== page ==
Guns

Supreme Court Weighs Review of San Francisco Gun Control Scheme

Trigger lock requirement runs counter to District of Columbia v. Heller.

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Credit: Wikimedia Commons

In its 2008 decision in District of Columbia v. Heller, the U.S. Supreme Court not only struck down Washington, D.C.'s handgun ban, it also struck down D.C.'s requirement that all firearms kept at home be "unloaded and dissembled or bound by a trigger lock or similar device." According to the majority opinion of Justice Antonin Scalia, the individual right secured by the Second Amendment voids such requirements because it protects the right of the people to keep a "lawful firearm in the home operable for the purpose of immediate self-defense."

Yet despite the Supreme Court's unequivocal judgment invalidating trigger lock-type regulations for guns lawfully kept at home, the U.S. Court of Appeals for the 9th Circuit voted last year to uphold a San Francisco gun control law which requires that any handgun kept at home be "stored in a locked container or disabled with a trigger lock." The existence of such requirements, the 9th Circuit asserted in Jackson v. San Francisco, "does not substantially burden the right or ability to use firearms for self-defense in the home."

To put it mildly, that judgment is wholly inconsistent with what the Supreme Court said in Heller.

Will the Supreme Court allow the 9th Circuit to openly flout one of its precedents? We may soon find out. Today the justices are meeting in private conference. Among the items scheduled for consideration is a petition filed by conservative lawyer Paul Clement seeking review of the 9th Circuit's Jackson opinion. "The decision below is impossible to reconcile with this Court's decision in Heller," that petition observes. "The Court of Appeals' conclusion that San Francisco may venture where this Court forbade the District of Columbia to go is so patently wrong that summary reversal would be appropriate."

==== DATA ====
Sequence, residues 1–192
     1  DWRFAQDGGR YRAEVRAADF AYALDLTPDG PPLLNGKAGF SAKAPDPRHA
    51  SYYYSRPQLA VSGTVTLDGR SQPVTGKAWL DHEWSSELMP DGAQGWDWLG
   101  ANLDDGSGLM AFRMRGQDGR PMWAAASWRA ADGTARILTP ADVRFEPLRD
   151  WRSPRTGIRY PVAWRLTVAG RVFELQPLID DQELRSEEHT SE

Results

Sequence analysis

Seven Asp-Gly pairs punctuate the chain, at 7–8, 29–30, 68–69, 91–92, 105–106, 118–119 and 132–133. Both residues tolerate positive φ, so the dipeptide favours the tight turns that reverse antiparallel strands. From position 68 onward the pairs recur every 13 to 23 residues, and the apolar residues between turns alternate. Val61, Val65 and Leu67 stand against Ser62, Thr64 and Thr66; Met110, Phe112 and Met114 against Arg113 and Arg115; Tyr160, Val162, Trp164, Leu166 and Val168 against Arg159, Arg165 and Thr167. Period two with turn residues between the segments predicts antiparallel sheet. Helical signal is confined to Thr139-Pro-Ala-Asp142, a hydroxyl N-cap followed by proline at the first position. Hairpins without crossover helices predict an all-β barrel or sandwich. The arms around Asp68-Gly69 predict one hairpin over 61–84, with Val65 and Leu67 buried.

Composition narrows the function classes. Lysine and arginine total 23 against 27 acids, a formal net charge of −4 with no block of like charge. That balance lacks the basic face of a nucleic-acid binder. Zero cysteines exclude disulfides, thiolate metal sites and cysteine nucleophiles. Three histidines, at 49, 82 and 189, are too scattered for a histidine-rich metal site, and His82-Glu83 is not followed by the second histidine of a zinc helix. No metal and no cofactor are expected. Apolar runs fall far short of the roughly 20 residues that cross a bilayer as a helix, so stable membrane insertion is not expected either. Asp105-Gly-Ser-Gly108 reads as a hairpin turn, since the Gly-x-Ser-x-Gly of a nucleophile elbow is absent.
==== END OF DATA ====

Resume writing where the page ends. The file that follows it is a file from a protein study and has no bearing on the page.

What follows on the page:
Summary reversal means the Supreme Court would immediately overturn the 9th Circuit without bothering to consider any additional briefing or hear any oral arguments in the case.

It's a drastic step, but it's hardly unprecedented. In June 2012, for example, the Supreme Court summarily reversed a decision of the Montana Supreme Court which had upheld that state's ban on corporate political spending in open defiance of the 2010 Citizens United decision. "The question presented in this case is whether the holding of Citizens United applies to the Montana state law. There can be no serious doubt that it does," the Court observed.

The same thing is true here. There is simply no serious doubt that the holding of Heller applies to San Francisco's gun control scheme.